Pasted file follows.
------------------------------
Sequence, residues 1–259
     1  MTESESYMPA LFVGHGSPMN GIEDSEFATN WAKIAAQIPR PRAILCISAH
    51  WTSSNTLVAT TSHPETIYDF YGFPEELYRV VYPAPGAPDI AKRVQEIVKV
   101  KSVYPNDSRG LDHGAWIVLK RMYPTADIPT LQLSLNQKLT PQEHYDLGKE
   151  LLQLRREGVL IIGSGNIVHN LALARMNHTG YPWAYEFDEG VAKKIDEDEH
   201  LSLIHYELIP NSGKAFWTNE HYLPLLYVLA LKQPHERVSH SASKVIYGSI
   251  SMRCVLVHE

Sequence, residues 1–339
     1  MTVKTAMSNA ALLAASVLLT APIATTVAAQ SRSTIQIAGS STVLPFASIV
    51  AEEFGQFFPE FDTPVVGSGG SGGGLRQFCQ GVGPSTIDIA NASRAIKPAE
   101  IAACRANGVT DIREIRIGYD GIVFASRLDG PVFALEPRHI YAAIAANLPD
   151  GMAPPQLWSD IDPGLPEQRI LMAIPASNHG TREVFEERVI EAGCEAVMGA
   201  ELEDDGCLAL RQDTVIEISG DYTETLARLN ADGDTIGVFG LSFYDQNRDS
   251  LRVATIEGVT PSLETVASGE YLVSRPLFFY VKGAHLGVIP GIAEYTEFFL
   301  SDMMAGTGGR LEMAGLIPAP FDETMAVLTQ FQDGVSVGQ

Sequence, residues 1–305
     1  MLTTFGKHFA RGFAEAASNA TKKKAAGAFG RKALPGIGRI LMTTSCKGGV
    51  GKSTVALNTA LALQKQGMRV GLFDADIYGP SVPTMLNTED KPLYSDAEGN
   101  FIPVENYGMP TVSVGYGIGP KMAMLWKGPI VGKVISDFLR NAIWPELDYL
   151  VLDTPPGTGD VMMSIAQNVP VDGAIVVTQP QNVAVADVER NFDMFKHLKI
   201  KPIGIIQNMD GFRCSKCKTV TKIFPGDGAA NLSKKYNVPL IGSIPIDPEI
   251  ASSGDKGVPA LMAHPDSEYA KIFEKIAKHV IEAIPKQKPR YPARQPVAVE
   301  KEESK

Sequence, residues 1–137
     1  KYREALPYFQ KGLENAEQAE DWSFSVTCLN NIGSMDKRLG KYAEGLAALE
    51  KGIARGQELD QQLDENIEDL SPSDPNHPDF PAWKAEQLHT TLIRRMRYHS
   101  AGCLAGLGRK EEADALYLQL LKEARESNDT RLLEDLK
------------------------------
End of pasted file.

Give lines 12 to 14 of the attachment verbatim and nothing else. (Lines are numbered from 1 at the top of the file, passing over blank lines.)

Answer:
   151  GMAPPQLWSD IDPGLPEQRI LMAIPASNHG TREVFEERVI EAGCEAVMGA
   201  ELEDDGCLAL RQDTVIEISG DYTETLARLN ADGDTIGVFG LSFYDQNRDS
   251  LRVATIEGVT PSLETVASGE YLVSRPLFFY VKGAHLGVIP GIAEYTEFFL